The playoffs. Physical basketball. Hard fouls. Last-second shots. Find a way to win. No rebounds-no rings. Offense sales tickets, defense wins championships.
These are phrases and slogans that are synonymously used when referring to the NBA playoffs by coaches, players, and television analysts and commentators.
There is one more term that refers to that team that may not finish at the top of the standings, but is a team that is mutually respected by NBA analysts and players because of their threat to make a serious playoff run—the dark horse.
In the Western Conference, the Oklahoma City Thunder have been the favorite for most of the season. The San Antonio Spurs quietly have played well all season and edged passed the Thunder at season's end to capture the top slot in the standings. But the team that is most feared and no one really wants to face is the Memphis Grizzlies.
The Grizzlies are not as exciting as the Los Angeles Clippers, who have come to be known as "lob-city." They are not as efficient on offense as the Spurs. They don't have the star power or championship history like the Los Angeles Lakers. But they may be the most balanced team in the entire conference.
They are definitely one of the hottest. They won their last six games of the season to surpass the Clippers and finish fourth in the West to gain home-court advantage. This looms large in their first-round series versus the Clippers. The Grizzlies are riding a 10-game home winning streak into the playoffs.
The Grizzlies are not a brand new playoff team though, as some may think.
In the 2011 playoffs, they eliminated the top seeded Spurs in six games. The Spurs were without their All-Star guard Manu Ginobli during the series, but the Grizzlies were also without their All-Star small-forward Rudy Gay. So the Grizzlies earned their first playoff series win in franchise history and got the reputation as being a very physical, hard-hat, defensive team.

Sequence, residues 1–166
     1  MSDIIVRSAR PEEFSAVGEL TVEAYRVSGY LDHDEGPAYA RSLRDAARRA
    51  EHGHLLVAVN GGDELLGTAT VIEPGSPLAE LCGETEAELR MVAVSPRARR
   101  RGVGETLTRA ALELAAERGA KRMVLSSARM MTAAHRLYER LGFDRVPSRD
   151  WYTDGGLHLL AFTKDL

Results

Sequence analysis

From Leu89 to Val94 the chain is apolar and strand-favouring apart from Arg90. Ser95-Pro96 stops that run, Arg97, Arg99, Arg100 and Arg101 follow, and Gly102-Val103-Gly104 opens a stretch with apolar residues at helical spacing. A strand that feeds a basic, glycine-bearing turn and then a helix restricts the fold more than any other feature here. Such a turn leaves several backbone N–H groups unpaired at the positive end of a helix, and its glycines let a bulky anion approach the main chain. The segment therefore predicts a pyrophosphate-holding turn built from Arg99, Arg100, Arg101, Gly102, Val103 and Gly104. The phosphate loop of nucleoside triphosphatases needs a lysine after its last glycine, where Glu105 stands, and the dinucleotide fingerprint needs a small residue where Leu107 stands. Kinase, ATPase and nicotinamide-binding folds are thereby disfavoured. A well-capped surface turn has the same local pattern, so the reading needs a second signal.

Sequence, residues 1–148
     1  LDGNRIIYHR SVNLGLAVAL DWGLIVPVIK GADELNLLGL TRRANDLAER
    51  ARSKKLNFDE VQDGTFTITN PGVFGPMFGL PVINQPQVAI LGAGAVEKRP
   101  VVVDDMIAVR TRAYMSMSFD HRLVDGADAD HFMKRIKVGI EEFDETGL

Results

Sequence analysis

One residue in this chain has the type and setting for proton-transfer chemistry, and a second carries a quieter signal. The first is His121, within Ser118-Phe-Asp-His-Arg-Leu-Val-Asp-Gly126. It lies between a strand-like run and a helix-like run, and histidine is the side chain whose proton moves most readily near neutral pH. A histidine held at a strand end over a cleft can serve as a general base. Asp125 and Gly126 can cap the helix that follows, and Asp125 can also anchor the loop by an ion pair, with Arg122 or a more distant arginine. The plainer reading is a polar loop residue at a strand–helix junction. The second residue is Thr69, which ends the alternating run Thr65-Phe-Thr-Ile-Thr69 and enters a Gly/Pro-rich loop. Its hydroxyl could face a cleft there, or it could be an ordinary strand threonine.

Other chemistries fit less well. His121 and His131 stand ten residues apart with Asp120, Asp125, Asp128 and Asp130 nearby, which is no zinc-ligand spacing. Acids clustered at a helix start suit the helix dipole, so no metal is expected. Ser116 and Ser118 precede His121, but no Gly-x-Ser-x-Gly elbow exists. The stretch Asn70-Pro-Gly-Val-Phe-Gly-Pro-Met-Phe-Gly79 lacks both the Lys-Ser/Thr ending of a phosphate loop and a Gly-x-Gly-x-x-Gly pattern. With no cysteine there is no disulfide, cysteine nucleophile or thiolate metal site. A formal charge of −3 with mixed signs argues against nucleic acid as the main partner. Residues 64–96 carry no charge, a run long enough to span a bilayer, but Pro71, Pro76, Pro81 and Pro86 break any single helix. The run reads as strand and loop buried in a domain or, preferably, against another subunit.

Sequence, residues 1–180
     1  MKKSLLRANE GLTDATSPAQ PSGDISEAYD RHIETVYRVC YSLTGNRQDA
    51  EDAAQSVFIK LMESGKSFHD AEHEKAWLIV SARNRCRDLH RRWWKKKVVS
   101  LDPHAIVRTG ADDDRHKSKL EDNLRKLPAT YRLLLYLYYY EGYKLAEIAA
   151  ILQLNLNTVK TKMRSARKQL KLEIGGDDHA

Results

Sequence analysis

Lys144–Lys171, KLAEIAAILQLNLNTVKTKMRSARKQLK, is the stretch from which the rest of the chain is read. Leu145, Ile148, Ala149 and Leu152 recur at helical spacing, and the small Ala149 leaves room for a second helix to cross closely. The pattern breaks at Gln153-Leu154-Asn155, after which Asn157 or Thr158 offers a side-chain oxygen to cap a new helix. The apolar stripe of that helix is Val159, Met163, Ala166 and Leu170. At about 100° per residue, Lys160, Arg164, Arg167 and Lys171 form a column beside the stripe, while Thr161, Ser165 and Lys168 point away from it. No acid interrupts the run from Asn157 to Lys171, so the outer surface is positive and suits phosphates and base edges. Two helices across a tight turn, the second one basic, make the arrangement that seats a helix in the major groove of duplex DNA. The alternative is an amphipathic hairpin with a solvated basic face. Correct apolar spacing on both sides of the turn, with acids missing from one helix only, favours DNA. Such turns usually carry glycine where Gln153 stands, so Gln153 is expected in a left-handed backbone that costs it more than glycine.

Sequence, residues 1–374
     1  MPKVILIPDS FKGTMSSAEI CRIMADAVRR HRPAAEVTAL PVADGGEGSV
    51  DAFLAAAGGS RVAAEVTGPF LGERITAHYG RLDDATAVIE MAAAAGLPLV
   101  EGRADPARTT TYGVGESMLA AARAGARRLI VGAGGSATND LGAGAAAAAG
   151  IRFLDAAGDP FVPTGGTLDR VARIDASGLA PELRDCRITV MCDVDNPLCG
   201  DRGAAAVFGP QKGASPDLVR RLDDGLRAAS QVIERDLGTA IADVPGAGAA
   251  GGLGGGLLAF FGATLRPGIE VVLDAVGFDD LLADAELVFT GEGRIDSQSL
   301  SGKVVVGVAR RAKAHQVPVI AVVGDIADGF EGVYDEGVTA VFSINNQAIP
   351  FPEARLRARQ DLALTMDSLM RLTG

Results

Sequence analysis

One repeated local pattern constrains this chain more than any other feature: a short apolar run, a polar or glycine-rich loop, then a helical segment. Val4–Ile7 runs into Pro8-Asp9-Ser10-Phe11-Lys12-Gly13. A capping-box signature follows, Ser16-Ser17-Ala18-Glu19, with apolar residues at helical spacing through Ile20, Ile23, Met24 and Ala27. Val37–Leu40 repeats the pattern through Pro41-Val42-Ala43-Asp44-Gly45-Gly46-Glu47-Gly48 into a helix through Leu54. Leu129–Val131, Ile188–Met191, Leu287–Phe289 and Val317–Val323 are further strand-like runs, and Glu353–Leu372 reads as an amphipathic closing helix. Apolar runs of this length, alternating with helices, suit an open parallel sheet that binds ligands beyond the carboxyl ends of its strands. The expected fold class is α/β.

This year they are so dangerous because for the first time all season, they are at full strength. Zach Randolph, one of the league's best offensive threats in the post, missed most of the season and is back from injury.
They can play well at multiple styles. They are very athletic and quick and are pushed by one of the quickest point guards in the NBA in Mike Conley. They have the athleticism on the perimeter in Rudy Gay and known defensive stopper Tony Allen, to match up with anyone.Their post players, All-Star center Marc Gasol and Randolph, are as skilled and big as any frontcourt combo in the west.
They also post a deep bench with O.J. Mayo, who could start on many teams; Mareese Speights, a power-forward who was picked up when Randolph went out with his injury and was in the playoffs last season with the Philadelphia 76ers; and Gilbert Arenas, who many felt had fallen off but came to the Grizzlies during the season in shape and willing to sacrifice for the betterment of the team.
The Grizzlies are by no means invincible, but they present major problems for whomever they face. They're the type of team that if you beat them in the series, you will have endured such a battle that it will question how much there is left to continue on to the next series.
They continue to be the team that others hope "get eliminated before they play us."